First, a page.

TUSCUMBIA — Darren Butler appreciates artistic talent and he's done so in the Shoals area for nearly 30 years.
For the past 21 of those years, he's worked with what he describes as "some of the finest actors anywhere" as director of "The Miracle Worker" play at the amphitheater on the grounds of Helen Keller's Tuscumbia birthplace, Ivy Green.
After the long-running William Gibson play comes to an end for this summer on July 13, Butler and his family will move to Orange Beach where he has accepted a position with the school system.
He will be director of the conservatory of fine arts for Orange Beach middle school and high school, two new facilities under construction now. He will be teaching grades seventh through 12th, building a theater program and teaching acting technique, his passion.
Butler formerly owned the Back Stage Theater Company in Decatur where he worked with aspiring actors for several years. For the past decade, he's lived in Florence.
"It's hard to leave the Shoals area and I'm going to dearly miss my involvement with theater here and the wonderful people and I'm certainly going to miss Florence schools," said Butler, who for the past three years has taught at Hibbett and Florence middle schools as well as Florence High School.
Butler has recently completed his Master of Fine Arts degree, with a specialty in writing for stage and screen.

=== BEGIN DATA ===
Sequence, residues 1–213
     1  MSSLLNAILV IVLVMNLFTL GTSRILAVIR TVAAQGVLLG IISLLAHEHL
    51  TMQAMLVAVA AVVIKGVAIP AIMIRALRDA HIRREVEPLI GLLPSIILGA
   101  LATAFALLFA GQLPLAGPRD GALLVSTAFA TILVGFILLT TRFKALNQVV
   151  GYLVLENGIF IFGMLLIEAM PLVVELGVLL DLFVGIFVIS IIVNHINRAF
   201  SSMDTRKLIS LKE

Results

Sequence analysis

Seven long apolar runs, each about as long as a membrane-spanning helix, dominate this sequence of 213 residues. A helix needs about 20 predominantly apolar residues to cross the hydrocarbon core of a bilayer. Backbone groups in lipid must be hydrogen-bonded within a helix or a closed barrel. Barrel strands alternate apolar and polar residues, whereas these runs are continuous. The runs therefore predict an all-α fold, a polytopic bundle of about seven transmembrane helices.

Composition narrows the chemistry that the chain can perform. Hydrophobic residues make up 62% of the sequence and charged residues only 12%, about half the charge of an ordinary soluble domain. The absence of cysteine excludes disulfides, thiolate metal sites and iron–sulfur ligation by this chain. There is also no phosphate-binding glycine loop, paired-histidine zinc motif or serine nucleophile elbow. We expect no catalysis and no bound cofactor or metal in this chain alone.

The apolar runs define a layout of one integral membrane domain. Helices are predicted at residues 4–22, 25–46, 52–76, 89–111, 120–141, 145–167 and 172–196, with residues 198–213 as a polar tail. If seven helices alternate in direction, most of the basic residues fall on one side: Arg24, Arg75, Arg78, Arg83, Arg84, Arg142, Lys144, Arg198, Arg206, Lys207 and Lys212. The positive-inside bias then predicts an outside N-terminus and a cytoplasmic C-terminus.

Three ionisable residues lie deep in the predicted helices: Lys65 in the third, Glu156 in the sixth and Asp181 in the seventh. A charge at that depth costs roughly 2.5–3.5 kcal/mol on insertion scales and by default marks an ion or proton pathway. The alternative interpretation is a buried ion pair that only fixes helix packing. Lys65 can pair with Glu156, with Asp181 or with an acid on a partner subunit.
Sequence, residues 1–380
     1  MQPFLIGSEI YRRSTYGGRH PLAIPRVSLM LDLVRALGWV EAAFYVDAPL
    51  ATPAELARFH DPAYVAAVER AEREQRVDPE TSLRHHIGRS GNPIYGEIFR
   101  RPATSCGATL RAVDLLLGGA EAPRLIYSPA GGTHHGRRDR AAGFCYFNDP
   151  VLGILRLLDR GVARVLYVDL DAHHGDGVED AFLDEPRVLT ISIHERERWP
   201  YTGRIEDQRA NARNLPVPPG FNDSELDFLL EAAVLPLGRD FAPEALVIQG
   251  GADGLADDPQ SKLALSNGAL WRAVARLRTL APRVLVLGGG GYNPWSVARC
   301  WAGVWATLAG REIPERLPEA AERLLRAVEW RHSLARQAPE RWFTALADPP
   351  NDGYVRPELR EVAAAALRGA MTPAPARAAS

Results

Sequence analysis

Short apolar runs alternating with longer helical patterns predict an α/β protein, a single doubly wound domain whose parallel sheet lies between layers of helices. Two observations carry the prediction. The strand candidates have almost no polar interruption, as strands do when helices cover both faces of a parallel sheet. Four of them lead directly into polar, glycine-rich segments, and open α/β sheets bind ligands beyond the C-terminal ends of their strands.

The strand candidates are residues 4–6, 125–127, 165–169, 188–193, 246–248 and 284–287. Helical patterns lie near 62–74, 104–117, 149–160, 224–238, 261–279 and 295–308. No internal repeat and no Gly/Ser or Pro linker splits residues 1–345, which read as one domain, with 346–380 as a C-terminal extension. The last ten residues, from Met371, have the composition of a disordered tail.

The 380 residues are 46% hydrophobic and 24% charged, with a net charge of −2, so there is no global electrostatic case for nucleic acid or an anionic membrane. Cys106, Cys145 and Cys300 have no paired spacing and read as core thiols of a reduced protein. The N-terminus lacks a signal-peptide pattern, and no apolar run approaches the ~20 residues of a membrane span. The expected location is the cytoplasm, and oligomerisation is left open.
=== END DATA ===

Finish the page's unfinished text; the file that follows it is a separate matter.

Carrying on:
"Writing is my first love and always will be," he said.
Butler's career was largely focused on writing for many years as he worked as a consultant for school systems around the state teaching teachers how to teach the writing process. Much of the concentration prior to 2010 was on the state's writing assessment until it was phased out that year.
Though he'd always been involved to some degree with theater, his focus in the Shoals grew even sharper after 2010.
He'd been directing shows even before "The Miracle Worker," often at The Ritz in Sheffield.
He's directed many children's shows and has acted in theater productions of "A Christmas Carol," "The Best Christmas Pageant Ever" and "Charlotte's Web."
But it's his connection to "The Miracle Worker" that took root in him nearly three decades ago when he began attending the play in the early 1990s while David Hope was directing.
Butler watched, listened and learned, admittedly soaking up every aspect of the production, becoming friends with Gibson, who later critiqued the show in Butler's early years of directing it.
When Hope retired from directing the production in 1998 after 20 years, it was Butler's turn. Butler had been Hope's stage manager.
"I looked at it as a gift," Butler said. "It's rare for a director to get to do a play on the grounds where it really happened. Here, people don't come to just watch a play, they come as a pilgrimage, to honor Helen Keller and Anne Sullivan. This play needs to be better at the birthplace than anywhere else in the world and that's always been the goal."
His association with the production has had a profound effect on Butler. "Anne and Helen are part of who I am."
Hope said Butler's tenure as director has meant a great deal to Ivy Green and the play.
"It's a production that benefits greatly from continuity and to have him (directing) that long has been of great benefit," Hope said. "He also did a lot for Florence High School and the theater department last year. You simply can't do this job, this business without loving what you do because it's tough. Darren cared for young people and did a great job. This area will miss him greatly."